When Real Salt Lake suits up on Saturday, August 6 against LAFC, the Club will be celebrating its second Asian American Pacific Islander Heritage Night, honoring members of the AAPI community in the Beehive State. In 2012 August was designated as the Utah Asian American Pacific Islander Heritage Month to celebrate the ever-growing AAPI population, which has more than doubled since the turn of the century.
One of the best ways to honor and support the AAPI community is to get a taste of their culture at one of the flavorful restaurants up and down the Wasatch Front. While there are countless restaurants cooking up great AAPI cuisine in Utah, here are some of our and Visit Utah’s favorites:
Moving to Utah from Thailand during the COVID-19 Pandemic, Chubby Baker Owner Ying Nance is bringing delectable donuts, pastries, and cakes to the Wasatch Front. Nance struggled to find any baked goods she enjoyed, so she started baking herself. Her business began with Nance handling customer pickups out of her own mother-in-law's home until opening a storefront just around the corner from Liberty Park in October 2021. Her self-taught style and Thai background creates tasty, fruit-filled treats like her top selling passion fruit cream cheese donut and seasonal cakes such as Young Coconut Cake.
Bucket of Crawfish
Prestigious restaurateur Mai Nguyen brought her roots to West Valley City with Bucket of Crawfish. Nguyen has been catching crawfish with her family in Strawberry Lake and fine tuning the special sauce for over 20 years before opening the restaurant in 2010. Twelve years later and it’s a staple in the SLC seafood scene. Bucket of Crawfish was awarded the 2021 Best of SLC: Seafood Category due to its fresh seafood, secret broth, special sauces and perfect mix of Cajun and West-Coast Asian flavor. Additionally, Nguyen has a long list of top restaurants and real estate developments across the Wasatch Front with her Sapa Investment Group, including places like Purgatory, Omo, and Sapa.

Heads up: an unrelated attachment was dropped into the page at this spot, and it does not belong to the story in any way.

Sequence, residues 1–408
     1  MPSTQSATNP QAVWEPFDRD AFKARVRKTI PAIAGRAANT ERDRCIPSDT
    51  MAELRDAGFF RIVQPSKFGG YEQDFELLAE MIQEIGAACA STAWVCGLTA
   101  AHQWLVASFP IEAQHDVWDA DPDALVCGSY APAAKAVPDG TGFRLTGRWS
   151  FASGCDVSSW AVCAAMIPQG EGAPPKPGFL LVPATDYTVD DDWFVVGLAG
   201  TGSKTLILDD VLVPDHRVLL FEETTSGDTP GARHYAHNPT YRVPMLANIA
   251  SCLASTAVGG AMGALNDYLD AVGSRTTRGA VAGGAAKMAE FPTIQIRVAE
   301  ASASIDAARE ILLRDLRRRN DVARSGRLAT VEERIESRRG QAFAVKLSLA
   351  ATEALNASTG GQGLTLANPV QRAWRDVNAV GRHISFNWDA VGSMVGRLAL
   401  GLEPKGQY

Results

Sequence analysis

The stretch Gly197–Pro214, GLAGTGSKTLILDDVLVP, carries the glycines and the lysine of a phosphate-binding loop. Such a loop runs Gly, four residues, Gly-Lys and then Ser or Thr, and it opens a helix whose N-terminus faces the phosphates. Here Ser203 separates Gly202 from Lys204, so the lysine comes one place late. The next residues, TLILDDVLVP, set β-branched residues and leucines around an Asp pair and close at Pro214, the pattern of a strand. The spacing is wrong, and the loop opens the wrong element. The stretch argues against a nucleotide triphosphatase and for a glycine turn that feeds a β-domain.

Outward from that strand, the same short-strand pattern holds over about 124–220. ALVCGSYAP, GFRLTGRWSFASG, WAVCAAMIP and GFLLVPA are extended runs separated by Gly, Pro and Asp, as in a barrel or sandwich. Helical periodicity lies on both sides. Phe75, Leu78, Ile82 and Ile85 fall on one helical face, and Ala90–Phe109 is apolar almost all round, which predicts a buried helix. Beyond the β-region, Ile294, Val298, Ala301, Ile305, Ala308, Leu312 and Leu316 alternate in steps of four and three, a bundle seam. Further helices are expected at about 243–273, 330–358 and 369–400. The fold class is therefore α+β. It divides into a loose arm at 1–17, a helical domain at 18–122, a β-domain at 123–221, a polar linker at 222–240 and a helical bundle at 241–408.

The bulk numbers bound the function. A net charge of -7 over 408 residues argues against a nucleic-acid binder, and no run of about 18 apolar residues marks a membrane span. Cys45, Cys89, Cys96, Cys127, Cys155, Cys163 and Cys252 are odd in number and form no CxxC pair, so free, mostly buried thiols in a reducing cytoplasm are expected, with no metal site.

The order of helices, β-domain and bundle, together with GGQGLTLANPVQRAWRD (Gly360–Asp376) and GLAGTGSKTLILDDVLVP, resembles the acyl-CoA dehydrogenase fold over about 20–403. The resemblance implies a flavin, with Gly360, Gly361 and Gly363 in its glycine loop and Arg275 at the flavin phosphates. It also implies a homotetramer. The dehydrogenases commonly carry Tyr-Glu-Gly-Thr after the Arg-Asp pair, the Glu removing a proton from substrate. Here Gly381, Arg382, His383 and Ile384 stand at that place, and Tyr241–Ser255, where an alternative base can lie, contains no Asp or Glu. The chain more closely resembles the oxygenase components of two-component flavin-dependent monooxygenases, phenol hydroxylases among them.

In the heart of Utah County, Dao Vannarath is cooking up authentic, fresh Thai Cuisine that everyone can love. A native of Laos, Vannarath moved to Utah in 2003 and hoped to achieve the American dream through the universal language of food. To accomplish this, he opened Thai Village a year later with recipes he learned in his childhood and new ones he picked up along the way. Since then Vannarath has expanded, opening a second restaurant, Thai Hut, in Provo with the same family style flavors.
Located in Woods Cross, Hungry Hawaiian has been a Utah staple since the late 70’s. Hungry Hawaiian is known for being the original Hawaiian restaurant in Utah and serves all the favorites plus traditional Luau foods such as lomi lomi salmon and laulau. Started by Ned Aikau, the Hawaiian cuisine is now served by Ned’s son, Keni who has recently expanded the family business out to Provo. You can also find Hungry Hawaiian on the road with the HH food truck making stops all over Weber, Davis, Salt Lake, and Utah Counties.
Ejo Korean BBQ
Originally from Korea, owner Cynthia Seo’s family has been serving Korean food to the Salt Lake community for over 30 years. Cynthia’s mother was the original owner of Korea House Restaurant which opened back in 1986, and Cynthia has now carried on the family-owned business with Ejo Korean BBQ in South Salt Lake. The Korean restaurant opened back in 2014 and still gives that family-feel to the traditional cuisine along with tasty meats to throw on the grill.